Oxygen diffuses from within your alveoli across the wall of the alveoli and the wall of the capillary into the blood (image).
This is a very short distance, just 0.3 micrometres (a micrometer is a millionth of a meter) in places. The total area of all the walls of all your alveoli is very large (typically around 50 to 100 sq. metres in an adult). This combination of a short distance and a large surface area is ideal for the maximum rate of diffusion of oxygen from the aleoli into the blood.
Your blood consists of around 45% blood cells - chiefly red blood cells - and around 55% plasma, which is mostly water with electrolytes, proteins and other substances dissolved in it. A very small amount of oxygen is dissolved in the plasma. Most oxygen in the blood is carried by haemoglobin which is contained inside the Red blood cells.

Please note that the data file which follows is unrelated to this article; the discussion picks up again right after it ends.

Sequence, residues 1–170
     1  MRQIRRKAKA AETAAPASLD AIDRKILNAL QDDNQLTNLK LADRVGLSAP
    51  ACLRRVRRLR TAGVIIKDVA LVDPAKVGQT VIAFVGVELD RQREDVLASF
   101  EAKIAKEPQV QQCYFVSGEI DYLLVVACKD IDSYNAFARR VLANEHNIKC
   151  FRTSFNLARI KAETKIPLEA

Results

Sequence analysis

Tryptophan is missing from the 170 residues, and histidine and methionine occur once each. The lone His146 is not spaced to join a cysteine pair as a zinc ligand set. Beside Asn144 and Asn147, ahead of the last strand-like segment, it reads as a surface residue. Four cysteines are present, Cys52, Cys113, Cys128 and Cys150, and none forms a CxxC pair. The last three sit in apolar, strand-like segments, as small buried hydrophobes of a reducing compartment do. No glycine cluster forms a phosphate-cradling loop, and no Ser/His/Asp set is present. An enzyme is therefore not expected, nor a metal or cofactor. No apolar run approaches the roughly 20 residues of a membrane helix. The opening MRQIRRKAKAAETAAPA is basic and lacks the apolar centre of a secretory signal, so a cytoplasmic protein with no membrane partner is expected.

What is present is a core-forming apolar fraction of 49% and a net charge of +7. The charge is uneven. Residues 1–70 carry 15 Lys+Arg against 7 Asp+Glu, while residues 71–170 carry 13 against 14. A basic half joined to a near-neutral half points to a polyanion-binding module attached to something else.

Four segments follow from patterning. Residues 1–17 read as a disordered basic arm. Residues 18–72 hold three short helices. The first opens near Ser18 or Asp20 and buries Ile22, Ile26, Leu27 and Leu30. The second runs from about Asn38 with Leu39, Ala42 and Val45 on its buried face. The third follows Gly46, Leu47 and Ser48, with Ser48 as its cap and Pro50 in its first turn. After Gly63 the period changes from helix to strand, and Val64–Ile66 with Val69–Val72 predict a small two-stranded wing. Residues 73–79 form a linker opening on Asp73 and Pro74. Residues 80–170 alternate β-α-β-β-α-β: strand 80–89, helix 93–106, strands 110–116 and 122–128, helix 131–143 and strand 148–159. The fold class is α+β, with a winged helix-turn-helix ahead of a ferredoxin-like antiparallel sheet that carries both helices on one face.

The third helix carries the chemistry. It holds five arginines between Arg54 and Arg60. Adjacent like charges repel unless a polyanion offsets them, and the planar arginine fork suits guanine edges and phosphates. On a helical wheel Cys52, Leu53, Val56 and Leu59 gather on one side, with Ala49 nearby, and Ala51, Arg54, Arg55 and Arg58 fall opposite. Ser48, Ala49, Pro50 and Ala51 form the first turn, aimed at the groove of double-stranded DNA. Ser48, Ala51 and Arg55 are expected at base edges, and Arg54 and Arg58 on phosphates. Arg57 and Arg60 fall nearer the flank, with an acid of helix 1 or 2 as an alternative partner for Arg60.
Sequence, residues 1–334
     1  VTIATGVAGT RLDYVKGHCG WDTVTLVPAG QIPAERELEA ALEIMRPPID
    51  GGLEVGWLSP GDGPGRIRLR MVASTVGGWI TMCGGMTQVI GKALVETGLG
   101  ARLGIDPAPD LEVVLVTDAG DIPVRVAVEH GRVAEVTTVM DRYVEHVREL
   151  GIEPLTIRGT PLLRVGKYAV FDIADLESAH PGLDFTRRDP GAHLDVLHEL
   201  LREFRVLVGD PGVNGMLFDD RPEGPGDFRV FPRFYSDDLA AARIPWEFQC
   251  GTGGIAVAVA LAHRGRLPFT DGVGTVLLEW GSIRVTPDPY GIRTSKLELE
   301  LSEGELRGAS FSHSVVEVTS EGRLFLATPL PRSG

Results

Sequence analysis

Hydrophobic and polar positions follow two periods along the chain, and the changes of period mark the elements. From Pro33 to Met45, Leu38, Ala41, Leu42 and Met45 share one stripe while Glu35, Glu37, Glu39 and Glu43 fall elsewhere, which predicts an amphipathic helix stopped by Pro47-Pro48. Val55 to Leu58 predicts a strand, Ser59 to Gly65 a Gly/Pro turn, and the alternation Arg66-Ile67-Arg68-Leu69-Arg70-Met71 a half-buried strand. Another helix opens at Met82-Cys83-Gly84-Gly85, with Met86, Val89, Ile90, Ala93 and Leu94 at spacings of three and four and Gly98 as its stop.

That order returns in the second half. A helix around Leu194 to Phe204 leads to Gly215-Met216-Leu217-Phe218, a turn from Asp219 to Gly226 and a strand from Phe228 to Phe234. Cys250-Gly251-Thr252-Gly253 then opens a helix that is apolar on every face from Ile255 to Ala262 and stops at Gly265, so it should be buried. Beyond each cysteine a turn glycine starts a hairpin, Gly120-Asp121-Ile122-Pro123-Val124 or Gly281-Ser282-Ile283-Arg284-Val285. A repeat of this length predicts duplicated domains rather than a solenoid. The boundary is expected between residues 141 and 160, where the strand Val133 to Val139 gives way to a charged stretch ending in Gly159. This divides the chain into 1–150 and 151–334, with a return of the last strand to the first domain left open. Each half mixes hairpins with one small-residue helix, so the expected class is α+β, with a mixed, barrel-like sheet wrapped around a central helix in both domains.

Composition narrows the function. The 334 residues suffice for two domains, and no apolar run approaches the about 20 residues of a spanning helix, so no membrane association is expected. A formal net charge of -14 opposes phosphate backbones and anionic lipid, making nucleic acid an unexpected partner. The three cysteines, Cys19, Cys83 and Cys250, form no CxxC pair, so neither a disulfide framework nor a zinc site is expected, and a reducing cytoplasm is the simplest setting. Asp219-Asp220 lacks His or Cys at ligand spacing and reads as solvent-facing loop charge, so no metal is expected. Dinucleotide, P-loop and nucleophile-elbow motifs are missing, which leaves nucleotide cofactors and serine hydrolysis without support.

Oxygen diffusing from the alveoli into the blood, and carbon dioxide diffusing from the blood into the alveoli are together known as 'external respiration'.
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page last modified 04/10/2008